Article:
We review a district court's determination that the jury was not improperly tainted by extrinsic evidence under the clearly erroneous standard,1 and its choice of methods to investigate the possibility of extrinsic taint for abuse of discretion.2 We also review a district court's denial of a motion for a new trial for abuse of discretion.3
Cantu asserts that the district court erred in (1) failing to conduct an evidentiary hearing to investigate whether the remaining jurors had been exposed to extrinsic influence; (2) refusing to grant Cantu access to the remaining jurors; and (3) refusing to grant Cantu's motion for a new trial.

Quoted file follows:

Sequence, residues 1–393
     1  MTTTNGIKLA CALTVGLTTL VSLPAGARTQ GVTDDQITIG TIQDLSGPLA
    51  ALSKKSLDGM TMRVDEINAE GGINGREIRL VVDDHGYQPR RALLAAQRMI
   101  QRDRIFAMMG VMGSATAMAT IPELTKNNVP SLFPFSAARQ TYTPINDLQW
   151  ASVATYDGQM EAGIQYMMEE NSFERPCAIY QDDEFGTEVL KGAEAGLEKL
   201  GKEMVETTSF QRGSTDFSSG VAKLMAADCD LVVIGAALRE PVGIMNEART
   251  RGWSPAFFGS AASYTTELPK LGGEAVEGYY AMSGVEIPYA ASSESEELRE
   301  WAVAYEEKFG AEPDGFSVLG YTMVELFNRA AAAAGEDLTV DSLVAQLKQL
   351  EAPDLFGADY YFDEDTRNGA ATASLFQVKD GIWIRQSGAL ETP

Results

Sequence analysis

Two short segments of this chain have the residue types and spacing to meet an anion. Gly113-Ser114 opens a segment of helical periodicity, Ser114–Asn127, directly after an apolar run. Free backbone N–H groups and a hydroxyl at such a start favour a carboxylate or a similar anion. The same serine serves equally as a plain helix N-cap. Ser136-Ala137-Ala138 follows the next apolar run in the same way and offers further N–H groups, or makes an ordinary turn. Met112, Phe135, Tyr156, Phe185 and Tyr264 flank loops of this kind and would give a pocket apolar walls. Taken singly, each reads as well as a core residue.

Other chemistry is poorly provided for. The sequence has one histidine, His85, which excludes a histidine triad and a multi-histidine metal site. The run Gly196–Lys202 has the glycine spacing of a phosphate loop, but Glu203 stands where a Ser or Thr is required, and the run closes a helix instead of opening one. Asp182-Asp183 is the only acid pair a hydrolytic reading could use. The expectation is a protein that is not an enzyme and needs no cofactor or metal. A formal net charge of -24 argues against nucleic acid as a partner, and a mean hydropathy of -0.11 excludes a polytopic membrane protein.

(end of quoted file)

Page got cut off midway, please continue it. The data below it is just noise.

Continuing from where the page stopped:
" [T]he remedy for allegations of juror impartiality is a hearing in which the defendant has the opportunity to prove actual bias."4 The district court is not, however, required to conduct a "full-blown evidentiary hearing in every instance in which an outside influence is brought to bear on a petit jury."5 Here, in the presence of defense counsel and the prosecutor, the district court questioned Juror Almaraz in chambers regarding the two attempted tampering incidents that he had reported. Counsel for both parties were present throughout the hearing and were allowed to examine Almaraz. In light of his responses, the court determined that, although Almaraz should be dismissed, it was not necessary to voir dire the remaining jurors because Almaraz had told no other member of the jury about the incidents, and no other juror had reported any such incident.6